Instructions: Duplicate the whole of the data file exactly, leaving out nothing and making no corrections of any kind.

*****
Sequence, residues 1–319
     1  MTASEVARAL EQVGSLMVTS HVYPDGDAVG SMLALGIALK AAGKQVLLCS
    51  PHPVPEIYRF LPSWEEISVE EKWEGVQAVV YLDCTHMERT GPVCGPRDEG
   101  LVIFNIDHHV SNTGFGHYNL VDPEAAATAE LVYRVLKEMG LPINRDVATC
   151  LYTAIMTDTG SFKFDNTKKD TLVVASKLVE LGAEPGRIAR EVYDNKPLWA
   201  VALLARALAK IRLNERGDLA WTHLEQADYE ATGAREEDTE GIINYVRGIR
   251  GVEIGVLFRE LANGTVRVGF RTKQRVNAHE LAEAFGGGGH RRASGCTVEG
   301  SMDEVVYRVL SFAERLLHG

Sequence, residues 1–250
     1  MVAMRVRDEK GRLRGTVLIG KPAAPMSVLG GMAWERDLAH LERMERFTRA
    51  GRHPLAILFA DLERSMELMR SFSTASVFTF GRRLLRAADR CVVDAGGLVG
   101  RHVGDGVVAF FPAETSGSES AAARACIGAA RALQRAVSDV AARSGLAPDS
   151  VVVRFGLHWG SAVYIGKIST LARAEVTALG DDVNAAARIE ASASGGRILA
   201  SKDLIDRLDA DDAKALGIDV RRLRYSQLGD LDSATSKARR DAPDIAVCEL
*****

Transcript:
Sequence, residues 1–319
     1  MTASEVARAL EQVGSLMVTS HVYPDGDAVG SMLALGIALK AAGKQVLLCS
    51  PHPVPEIYRF LPSWEEISVE EKWEGVQAVV YLDCTHMERT GPVCGPRDEG
   101  LVIFNIDHHV SNTGFGHYNL VDPEAAATAE LVYRVLKEMG LPINRDVATC
   151  LYTAIMTDTG SFKFDNTKKD TLVVASKLVE LGAEPGRIAR EVYDNKPLWA
   201  VALLARALAK IRLNERGDLA WTHLEQADYE ATGAREEDTE GIINYVRGIR
   251  GVEIGVLFRE LANGTVRVGF RTKQRVNAHE LAEAFGGGGH RRASGCTVEG
   301  SMDEVVYRVL SFAERLLHG

Sequence, residues 1–250
     1  MVAMRVRDEK GRLRGTVLIG KPAAPMSVLG GMAWERDLAH LERMERFTRA
    51  GRHPLAILFA DLERSMELMR SFSTASVFTF GRRLLRAADR CVVDAGGLVG
   101  RHVGDGVVAF FPAETSGSES AAARACIGAA RALQRAVSDV AARSGLAPDS
   151  VVVRFGLHWG SAVYIGKIST LARAEVTALG DDVNAAARIE ASASGGRILA
   201  SKDLIDRLDA DDAKALGIDV RRLRYSQLGD LDSATSKARR DAPDIAVCEL